In the UK, 1 in 8 adults have decided to give up meat and devote themselves to a vegetarian lifestyle.
However, something I seem to notice quite frequently online, is the constant shaming from vegans that vegetarians and those who simply lower their meat consumption are ‘not doing enough’ and are ‘part of the problem.’
Despite many vegans having the intention to encourage others to join the vegan community, I feel as though some of the discourse used within the community only serves the opposite.
On a number of different social media platforms, the same messages are often portrayed by vegans:
‘Being a vegetarian doesn’t help the animals as you’re still supporting the harmful dairy industry.’
‘If vegetarianism is your end goal, then it’s pointless.’
Yes, the dairy industry is corrupt, and yes, veganism is the purest and best way to boycott all injustice against animals – but it’s not often so clear cut.
For many, like myself, leaving meat behind is a gradual adjustment. Currently, I would define myself as a ‘pescatarian’, which means the only meat I consume is fish, and I believe this works best for me for now. Even this journey hasn’t been straightforward, and I know for many others it is the same. So let’s not guilt-trip people for either not wanting to, or for having a difficult journey doing so.
Particularly in the Western world, meat consumption is deeply ingrained within our culture, and is often encouraged as part of a ‘healthy diet.’
Due to this, we rarely think to challenge our long-term eating habits, and when met with haunting images of slaughterhouses, many of us outright refute the facts: ‘but the meat I buy is organic! They were killed humanely!’ Yet as someone very eloquently worded on Twitter: ‘animals go into the slaughterhouse alive and come out chopped into pieces and people like to think something humane happens along the way.’
This torture of animals is only one of the many reasons vegetarians and vegans decide to boycott meat, and both can find common ground here. So why is there conflict?
I sincerely commend anybody that lives a vegan lifestyle – but that shouldn’t allow a divine right to look down upon others.
If we want people to stop eating meat, and for vegetarians to specifically boycott all animal products, then vegans should be careful not to portray their world as something of a battlefield.
Let people know the facts, of course. But don’t patronise others. It is so important to let people make choices in regards to their diet at their own pace, or else they may never opt to make the change.
Hostility is only going to discourage both meat eaters and vegetarians to not want to take the steps to become vegan.
I will always re-emphasise just how important it is to grasp the extent to which meat is such a prominent asset in today’s diets. To give up meat, and especially dairy – a staple in many meals – is to change ones routine to a large extent. Therefore, it is so important for people to have the freedom of choice in regards to what they believe is best for themselves.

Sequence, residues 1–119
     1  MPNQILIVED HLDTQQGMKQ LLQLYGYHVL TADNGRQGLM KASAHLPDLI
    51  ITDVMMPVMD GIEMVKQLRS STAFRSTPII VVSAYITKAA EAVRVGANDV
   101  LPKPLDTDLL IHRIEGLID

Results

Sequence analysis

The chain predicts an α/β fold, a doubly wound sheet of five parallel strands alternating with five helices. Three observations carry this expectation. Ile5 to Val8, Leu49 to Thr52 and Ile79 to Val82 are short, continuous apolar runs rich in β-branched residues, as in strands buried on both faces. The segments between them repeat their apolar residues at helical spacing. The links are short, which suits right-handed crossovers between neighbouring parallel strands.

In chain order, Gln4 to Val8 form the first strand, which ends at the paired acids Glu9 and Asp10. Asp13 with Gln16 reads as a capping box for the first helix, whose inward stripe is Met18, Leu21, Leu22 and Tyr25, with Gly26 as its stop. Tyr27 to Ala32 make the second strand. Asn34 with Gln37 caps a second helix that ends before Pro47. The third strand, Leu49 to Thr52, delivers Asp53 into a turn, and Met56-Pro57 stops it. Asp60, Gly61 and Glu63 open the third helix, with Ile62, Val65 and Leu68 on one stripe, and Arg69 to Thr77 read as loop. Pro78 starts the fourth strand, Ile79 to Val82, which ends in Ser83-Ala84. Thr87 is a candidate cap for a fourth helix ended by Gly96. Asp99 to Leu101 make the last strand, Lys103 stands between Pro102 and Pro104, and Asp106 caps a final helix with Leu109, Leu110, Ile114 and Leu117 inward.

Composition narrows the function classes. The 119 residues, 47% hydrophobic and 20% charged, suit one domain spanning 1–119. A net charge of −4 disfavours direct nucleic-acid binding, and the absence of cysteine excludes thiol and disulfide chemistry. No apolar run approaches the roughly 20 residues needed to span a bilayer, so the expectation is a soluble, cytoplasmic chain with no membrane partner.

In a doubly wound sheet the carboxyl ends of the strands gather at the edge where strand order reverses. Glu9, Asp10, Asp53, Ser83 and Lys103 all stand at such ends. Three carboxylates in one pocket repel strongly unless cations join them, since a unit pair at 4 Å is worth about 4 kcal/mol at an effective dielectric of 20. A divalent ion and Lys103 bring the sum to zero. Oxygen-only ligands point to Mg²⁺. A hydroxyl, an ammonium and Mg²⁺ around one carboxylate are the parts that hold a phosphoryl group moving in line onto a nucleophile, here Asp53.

Additionally, to go vegan is not always a cheap option. It can be particularly damaging to label vegetarians and those who do eat meat as ‘inconsiderate’ for these reasons – no one is aware of what others are going through in their lives, especially in terms of finances.
Vegans argue that their diet is ‘easy and cheap’ – yes, fruit and vegetables can be cheap sometimes, but this depends on multiple factors: the local supermarkets available, allergies, and other things that many vegans fail to recognise.
Not everybody’s local shops supply vegan suitable food either, making efficiency another factor which may be difficult to overcome.
It’s also essential to note how intolerant some people are to meat replacements too, with large numbers of people reporting suffering allergies after consuming ‘Quorn’ – a vegetarian substitute to meat.
Hopefully vegan eating will one day be easy, affordable and convenient. Until then, every effort to reduce meat consumption and enlighten others of the cruelty present in the animal industry is truly commendable, but does not mean that your dietary choices give you the privilege and rights to act condescendingly towards those who may not be able to achieve the same lifestyle as you.
Everyone takes things at their own pace, each for their own reasons. For individuals to give up meat or lower their consumption is an achievement in itself, and is a big step in the right direction in our meat saturated society.
Rather than create a warzone between veganism and vegetarianism, both lifestyles should combine their efforts to help promote reducing meat consumption, and show others the benefits of viewing animals as our friends rather than our food.
Most importantly, instead of judging, patronising, or shaming, let’s not forget what this is all about – compassion. Compassion for the environment, compassion for animals, and compassion for each other.